Carousel or Carrousel Disney Style

Jack Spence Masthead

When I think of Disneyland or the Magic Kingdom, rides like the Matterhorn, “it’s a small world”, Splash Mountain, and Pirates of the Caribbean come to mind. These are classic attractions that are emblazoned in my memory. But I have to be honest, the carousels don’t instantly pop into my head. In fact, if someone were to ask me to take a pencil and paper and list all of the rides at Disneyland, the carousel would probably be found somewhere near the bottom of my list. It’s not that I don’t like the carousels, it’s just that they are often overshadowed by other more flashy attractions. Yet carousels are synonymous with Disney parks. In fact, of the eleven Disney parks worldwide, there are carousels in seven plus one at Downtown Disney/WDW:

Disneyland – King Arthur Carrousel
Disney’s California Adventure – King Triton’s Carousel
Magic Kingdom – Prince Charming Regal Carrousel (formerly Cinderella’s Golden Carrousel)
Downtown Disney/WDW – Classic Carousel
Disneyland Paris – Le Carrousel de Lancelot
Tokyo Disneyland – Castle Carrousel
Tokyo DisneySea – Caravan Carousel
Hong Kong Disneyland – Cinderella Carousel

If you noticed, the Imagineers chose to use both one and two “R’s” in the spelling of the word Carousel/Carrousel – both spellings are correct. In fact, at the California and Tokyo parks, they spell it with one “R” in one park and two “R’s” in the other. I wonder what the logic is with that. But because I’m lazy and the one “R” spelling takes one less keystroke, I will use the simplified version in this article. LOL

Now for a little carousel history.

During the crusades, European warriors noticed the Arabian and Turkish soldiers play a game (and training) on horseback called “garosello” (Italian) and “carosella” (Spanish) meaning “little wars”. Impressed by their horsemanship and skill at these games, the crusaders brought variations of these competitions back to their respective homelands.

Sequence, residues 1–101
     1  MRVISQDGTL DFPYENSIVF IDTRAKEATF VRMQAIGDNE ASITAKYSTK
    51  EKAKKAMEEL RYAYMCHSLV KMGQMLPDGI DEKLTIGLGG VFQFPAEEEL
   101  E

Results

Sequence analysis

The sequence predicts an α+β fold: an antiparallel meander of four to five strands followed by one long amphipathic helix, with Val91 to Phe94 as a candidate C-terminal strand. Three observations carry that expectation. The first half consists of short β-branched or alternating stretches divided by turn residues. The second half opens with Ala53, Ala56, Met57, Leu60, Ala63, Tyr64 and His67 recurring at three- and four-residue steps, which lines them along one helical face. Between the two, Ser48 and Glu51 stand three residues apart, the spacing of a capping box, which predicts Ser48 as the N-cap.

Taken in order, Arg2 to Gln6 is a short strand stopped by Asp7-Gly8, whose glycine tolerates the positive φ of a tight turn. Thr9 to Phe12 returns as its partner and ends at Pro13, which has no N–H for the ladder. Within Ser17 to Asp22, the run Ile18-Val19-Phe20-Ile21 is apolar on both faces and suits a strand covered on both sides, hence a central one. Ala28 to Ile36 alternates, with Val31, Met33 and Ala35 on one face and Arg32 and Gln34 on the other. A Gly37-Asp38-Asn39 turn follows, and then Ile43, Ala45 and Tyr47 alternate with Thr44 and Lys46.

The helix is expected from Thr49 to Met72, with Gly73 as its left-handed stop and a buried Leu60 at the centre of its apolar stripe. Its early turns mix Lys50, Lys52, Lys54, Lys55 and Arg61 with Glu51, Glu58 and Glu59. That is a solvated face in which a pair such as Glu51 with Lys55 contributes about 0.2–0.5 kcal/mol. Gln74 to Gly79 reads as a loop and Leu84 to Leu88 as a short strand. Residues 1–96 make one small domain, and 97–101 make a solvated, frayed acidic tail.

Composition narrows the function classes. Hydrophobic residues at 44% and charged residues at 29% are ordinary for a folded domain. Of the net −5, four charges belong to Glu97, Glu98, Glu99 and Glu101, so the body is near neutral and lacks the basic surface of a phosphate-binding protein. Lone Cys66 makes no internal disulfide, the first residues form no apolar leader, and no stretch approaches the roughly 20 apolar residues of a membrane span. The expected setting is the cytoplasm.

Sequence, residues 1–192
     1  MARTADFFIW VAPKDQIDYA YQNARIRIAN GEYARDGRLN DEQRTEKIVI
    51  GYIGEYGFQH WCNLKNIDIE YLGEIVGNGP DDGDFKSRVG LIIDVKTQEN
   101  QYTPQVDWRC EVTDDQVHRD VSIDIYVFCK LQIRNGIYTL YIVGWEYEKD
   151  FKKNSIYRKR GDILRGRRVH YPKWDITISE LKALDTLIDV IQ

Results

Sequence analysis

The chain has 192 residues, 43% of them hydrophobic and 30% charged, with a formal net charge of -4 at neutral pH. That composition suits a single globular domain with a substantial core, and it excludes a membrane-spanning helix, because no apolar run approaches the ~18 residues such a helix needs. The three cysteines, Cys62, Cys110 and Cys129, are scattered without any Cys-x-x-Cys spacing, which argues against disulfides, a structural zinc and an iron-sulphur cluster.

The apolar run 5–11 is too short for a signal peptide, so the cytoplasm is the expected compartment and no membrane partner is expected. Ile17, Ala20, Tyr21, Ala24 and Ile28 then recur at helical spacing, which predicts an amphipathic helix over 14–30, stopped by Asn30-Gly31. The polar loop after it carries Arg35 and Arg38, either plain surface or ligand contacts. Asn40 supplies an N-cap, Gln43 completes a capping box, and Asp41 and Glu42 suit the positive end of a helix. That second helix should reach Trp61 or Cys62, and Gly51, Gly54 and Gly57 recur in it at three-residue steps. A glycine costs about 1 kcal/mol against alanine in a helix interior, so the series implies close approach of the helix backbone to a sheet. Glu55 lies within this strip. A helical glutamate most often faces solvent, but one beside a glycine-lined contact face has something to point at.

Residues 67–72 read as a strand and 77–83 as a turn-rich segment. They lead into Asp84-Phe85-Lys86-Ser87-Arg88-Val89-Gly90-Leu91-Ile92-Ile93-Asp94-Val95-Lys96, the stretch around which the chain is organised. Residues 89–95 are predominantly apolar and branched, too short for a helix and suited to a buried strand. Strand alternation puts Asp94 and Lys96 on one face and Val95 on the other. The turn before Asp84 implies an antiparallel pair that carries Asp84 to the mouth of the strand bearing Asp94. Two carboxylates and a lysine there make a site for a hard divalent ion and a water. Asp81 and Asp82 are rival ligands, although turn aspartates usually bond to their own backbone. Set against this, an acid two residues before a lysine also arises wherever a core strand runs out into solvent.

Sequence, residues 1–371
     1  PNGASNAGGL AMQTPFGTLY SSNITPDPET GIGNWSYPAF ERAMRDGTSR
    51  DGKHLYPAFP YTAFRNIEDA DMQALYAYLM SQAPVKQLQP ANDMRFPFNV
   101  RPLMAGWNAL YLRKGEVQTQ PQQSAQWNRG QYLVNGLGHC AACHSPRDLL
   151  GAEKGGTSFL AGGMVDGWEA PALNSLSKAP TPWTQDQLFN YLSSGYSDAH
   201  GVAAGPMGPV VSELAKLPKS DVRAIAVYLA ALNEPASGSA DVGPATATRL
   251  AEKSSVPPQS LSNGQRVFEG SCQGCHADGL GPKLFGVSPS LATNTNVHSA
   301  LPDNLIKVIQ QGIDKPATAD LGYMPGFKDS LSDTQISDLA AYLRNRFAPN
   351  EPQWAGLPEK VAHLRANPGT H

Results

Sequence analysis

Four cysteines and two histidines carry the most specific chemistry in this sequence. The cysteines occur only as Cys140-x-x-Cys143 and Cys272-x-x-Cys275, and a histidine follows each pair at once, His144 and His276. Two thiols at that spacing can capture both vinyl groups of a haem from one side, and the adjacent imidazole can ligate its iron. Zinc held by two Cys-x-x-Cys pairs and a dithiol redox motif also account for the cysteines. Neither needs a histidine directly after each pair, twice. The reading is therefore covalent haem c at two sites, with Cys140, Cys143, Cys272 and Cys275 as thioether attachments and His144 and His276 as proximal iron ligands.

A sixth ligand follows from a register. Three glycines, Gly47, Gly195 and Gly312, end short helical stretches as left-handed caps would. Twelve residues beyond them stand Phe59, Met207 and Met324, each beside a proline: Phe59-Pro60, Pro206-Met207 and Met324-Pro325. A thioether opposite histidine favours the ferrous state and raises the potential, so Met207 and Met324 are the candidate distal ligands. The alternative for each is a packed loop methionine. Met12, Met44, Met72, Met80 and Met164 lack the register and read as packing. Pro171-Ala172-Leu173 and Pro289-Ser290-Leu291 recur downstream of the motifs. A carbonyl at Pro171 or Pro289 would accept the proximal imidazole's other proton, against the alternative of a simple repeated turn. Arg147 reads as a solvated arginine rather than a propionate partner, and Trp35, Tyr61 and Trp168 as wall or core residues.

In France, these games evolved and took on a regal air which came to be known as carrousel. A major event of the carrousel was the ring-spearing tournament. In this game, a man would ride his steed or chariot at full gallop with his lance pointed outward. At the far end of the field a small ring was suspended from a tree limb with brightly colored ribbons. The goal, of course, was the spear the ring with his lance as he passed by at great speed. As the games grew in popularity, so did the pageantry. To add to the pomp, the horses were adorned with jeweled harnesses, draped with colorful fabrics, and sported ornately crafted saddles.

To assist in the training of these equestrians (without tiring the horses), the French carved wooden horses and chariots and suspended them from arms radiating from a center pole. Riders would then sit on these manmade steeds while someone rotated the contraption and they would attempt to spear rings suspended nearby. Thus were the humble beginnings of the modern day carousel.

By the late 1700’s, carousels built for amusement purposes were a somewhat common sight in Europe. And just like the real steeds had gained in pageantry over time, now so did their wooden counterparts. As carousels grew in popularity, the horses became more and more ornate.

Early carousels had no platforms. The horses and chariots still hung from crossbeams attached to a center pole. As the machine was spun faster, the riders were flung outward from the centrifugal force. The carousels were usually powered by a man or horse tethered to the device who walked in circles. Steam power was first applied to the carousel in 1861. The first platform carousel made its appearance in the mid-19th century.

Although carousels originated in Europe, they reached their pinnacle in America as skilled craftsmen brought their talents across the Atlantic beginning in the mid-19th century. And when these talented men arrived, the carousels took on new magic. Not only did the horses become even more ostentatious, other ornate animals were added to the mix. Lions, tigers, pigs, zebras, dragons, sea monsters and unicorns became commonplace. Any creature that could be reasonably sat upon could be found on American carousels.